When the Galaxy IV satellite, operated by PanAmSat of Greenwich, Connecticut, spun out of control last week, DAT Services, the load matching company, lost its satellite communications. Based in Beaverton, Oregon, DAT Services boasts the nation’s largest database of freight loads for subscribers.
“We have several delivery vehicles for the freight matching service,” said DAT’s Kimarie Wolf. “One of the delivery vehicles is satellite-based.”
Loss of satellite communications through Galaxy IV mainly affected brokers and carriers who rely on the satellite link for continual load and equipment updates. Wolf would not say how many DAT customers have been affected by the satellite failure, but said the number was “in the thousands.”
However, according to Wolf, customers have been able to use alternate means to send and receive information. “We have several delivery mechanisms so we don’t only have the satellite delivery, we also have modem and we have voice or fax delivery.”
Customers, she said, could still post loads and trucks through modem connections. “They can still do the postings and get the updates in that way. It’s just getting the information back, we had to change that method for them,” she said.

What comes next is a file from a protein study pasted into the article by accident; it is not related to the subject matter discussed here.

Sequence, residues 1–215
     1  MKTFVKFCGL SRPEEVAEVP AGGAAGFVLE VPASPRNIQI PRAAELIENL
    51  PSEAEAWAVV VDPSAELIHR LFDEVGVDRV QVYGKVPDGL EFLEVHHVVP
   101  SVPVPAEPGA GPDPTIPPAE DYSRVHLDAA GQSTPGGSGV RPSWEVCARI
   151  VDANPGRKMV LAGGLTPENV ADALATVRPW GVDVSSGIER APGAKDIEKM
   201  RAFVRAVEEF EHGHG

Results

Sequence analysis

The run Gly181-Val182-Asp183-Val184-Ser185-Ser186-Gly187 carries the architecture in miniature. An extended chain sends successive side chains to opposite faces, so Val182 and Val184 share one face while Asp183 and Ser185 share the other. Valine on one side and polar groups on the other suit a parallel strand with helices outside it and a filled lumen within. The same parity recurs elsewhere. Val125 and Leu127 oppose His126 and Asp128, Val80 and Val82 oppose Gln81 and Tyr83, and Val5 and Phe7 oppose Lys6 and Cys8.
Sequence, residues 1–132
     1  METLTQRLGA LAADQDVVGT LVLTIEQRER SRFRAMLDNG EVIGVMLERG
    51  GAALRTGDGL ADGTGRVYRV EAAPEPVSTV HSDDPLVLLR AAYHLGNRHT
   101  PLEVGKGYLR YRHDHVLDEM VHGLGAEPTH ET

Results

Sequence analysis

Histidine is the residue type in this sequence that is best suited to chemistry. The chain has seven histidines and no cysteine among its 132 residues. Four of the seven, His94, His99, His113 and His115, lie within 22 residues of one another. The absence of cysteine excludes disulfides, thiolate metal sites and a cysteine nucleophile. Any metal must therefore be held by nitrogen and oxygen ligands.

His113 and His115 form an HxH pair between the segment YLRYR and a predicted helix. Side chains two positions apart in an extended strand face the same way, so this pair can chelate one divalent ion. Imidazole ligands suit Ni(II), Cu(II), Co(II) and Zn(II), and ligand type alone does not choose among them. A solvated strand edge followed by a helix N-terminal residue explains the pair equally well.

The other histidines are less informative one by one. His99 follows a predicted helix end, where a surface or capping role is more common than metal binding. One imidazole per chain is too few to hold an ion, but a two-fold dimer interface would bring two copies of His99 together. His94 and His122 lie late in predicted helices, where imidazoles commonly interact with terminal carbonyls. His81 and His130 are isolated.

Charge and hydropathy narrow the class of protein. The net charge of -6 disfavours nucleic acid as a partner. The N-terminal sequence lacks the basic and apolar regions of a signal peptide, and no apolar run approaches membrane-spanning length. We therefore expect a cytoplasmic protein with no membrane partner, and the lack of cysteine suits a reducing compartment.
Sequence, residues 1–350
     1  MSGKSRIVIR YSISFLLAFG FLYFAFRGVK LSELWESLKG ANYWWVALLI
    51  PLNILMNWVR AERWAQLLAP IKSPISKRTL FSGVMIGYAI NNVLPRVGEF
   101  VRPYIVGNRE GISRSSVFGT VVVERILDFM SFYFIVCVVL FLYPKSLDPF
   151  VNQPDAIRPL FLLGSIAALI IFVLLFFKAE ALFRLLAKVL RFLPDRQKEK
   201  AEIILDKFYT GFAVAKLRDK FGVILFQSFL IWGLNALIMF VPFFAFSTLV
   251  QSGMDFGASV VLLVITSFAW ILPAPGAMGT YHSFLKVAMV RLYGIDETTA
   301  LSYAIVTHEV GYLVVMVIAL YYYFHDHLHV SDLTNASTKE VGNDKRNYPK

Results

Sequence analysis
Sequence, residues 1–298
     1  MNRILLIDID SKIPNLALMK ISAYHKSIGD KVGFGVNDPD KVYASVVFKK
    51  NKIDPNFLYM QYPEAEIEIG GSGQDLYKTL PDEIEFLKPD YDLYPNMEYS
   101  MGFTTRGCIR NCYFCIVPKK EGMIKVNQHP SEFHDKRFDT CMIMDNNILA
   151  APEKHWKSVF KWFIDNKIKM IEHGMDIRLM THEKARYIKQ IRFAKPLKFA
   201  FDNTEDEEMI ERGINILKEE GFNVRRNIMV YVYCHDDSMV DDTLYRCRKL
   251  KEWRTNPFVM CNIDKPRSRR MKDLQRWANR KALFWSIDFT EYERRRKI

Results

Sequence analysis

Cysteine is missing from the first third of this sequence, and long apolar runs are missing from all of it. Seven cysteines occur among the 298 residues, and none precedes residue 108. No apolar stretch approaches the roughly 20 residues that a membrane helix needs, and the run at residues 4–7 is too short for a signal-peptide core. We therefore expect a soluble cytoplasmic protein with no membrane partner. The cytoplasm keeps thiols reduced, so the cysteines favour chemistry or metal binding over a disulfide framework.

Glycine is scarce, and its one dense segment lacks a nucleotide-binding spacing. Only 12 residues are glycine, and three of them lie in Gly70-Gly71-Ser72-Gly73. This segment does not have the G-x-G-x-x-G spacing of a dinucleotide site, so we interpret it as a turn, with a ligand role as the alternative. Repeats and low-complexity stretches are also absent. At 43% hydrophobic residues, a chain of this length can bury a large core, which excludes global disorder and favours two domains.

Wolf said PanAmSat is switching to backup satellites now moving into position. To get back online, DAT customers may have to realign their satellite dishes toward the replacement satellites.
“We’re having our customers make that adjustment — a slight adjustment — with their satellite dish. It’s a 4 degree change that results in about a one-inch movement.”
The reorientation is relatively simple and does not require a technical background, Wolf said. “We are going to be putting instructions on our web site. We are telling them they can certainly refer to that. We’re going to try to get them some graphics so they can see how to do it.”
DAT’s website at http://www.dat.com, contains up-to-the-minute news on the satellite problem.